Gonzalez v Paramount Group, Inc.

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Gonzalez v Paramount Group, Inc. 2018 NY Slip Op 00029 Decided on January 2, 2018 Appellate Division, First Department Published by New York State Law Reporting Bureau pursuant to Judiciary Law § 431. This opinion is uncorrected and subject to revision before publication in the Official Reports.

Decided on January 2, 2018
Richter, J.P., Tom, Kapnick, Kern, Moulton, JJ.
5345 152557/13

[*1]Anthony Gonzalez, et al., Plaintiffs-Respondents,


Paramount Group, Inc., Defendant, Allianz Global Investors U.S. LLC, Defendant-Appellant.

Fabiani Cohen & Hall, LLP, New York (Allison A. Synder of counsel), for appellant.

The Perecman Firm, P.L.L.C., New York (David H. Perecman of counsel), for respondents.

Order, Supreme Court, New York County (Jennifer G. Schechter, J.), entered April 24, 2017, which to the extent appealed from as limited by the briefs, granted plaintiffs' motion for partial summary judgment as to liability on their Labor Law § 240(1) claim against defendant Allianz Global Investors U.S. LLC, unanimously affirmed, without costs.

Plaintiff Anthony Gonzalez was injured when, while making an opening in a concrete wall for HVAC ductwork to be installed, cinderblocks above the opening fell and struck his knee. Contrary to Allianz's argument, the cinderblocks above the opening that fell were "falling objects" under Labor Law § 240(1) required to be secured for the purposes of the undertaking (Outar v City of New York, 5 NY3d 731, 732 [2005]; see Czajkowski v City of New York, 126 AD3d 543 [1st Dept 2015]; see also Stawski v Pasternack, Popish & Reif, P.C., 54 AD3d 619 [1st Dept 2008]).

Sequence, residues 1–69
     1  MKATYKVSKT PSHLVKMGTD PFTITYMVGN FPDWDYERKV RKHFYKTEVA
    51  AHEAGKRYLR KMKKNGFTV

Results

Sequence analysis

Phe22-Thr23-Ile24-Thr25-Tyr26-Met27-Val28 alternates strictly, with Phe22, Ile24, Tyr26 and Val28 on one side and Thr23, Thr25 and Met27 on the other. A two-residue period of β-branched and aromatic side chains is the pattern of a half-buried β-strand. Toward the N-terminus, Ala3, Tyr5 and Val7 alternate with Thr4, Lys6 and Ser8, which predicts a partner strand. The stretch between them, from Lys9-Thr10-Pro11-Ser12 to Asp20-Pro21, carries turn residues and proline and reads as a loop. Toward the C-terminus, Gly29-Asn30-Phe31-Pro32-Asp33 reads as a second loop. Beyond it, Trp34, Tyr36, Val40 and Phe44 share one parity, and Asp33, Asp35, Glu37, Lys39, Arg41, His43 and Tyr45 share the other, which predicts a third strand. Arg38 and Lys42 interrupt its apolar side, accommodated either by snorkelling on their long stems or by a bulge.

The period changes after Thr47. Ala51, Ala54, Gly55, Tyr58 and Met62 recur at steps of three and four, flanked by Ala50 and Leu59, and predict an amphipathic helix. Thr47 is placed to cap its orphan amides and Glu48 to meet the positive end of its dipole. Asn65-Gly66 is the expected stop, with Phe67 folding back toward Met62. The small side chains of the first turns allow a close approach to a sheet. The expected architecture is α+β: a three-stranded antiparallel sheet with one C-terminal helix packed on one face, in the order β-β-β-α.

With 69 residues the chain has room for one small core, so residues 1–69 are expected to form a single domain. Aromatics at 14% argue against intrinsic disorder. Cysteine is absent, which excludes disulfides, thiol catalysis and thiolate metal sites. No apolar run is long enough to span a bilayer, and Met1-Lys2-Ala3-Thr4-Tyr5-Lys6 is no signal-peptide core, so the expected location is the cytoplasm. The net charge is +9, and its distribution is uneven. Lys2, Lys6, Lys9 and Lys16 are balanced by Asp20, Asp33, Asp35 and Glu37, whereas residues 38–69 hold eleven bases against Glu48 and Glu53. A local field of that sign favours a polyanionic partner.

Allianz failed to raise a triable issue of fact warranting denial of plaintiffs' motion for partial summary judgment. As Supreme Court correctly indicated, the testimony and expert opinion that a safety device was neither necessary nor customary "is insufficient to establish the absence of a Labor Law § 240 (1) violation" (Bonaerge v Leighton House Condominium, 134 AD3d 648, 649 [1st Dept 2015]). O'Brien v Port Auth. of N.Y. & N.J. (29 NY3d 27 [2017]) is not to the contrary. Unlike in O'Brien, the experts here do not differ as to whether a safety device that was provided was adequate, but rather differ as to whether a safety device was required at all (see Zimmer v Cheming County Performing Arts, 65 NY2d 513 [1985]). In light of the uncontroverted fact that no safety devices were provided, it would be error to submit to the jury for their resolution the conflicting expert opinion as to what safety devices, if any, should have been employed (O'Brien at 34).

We have considered Allianz's remaining arguments and find them unavailing.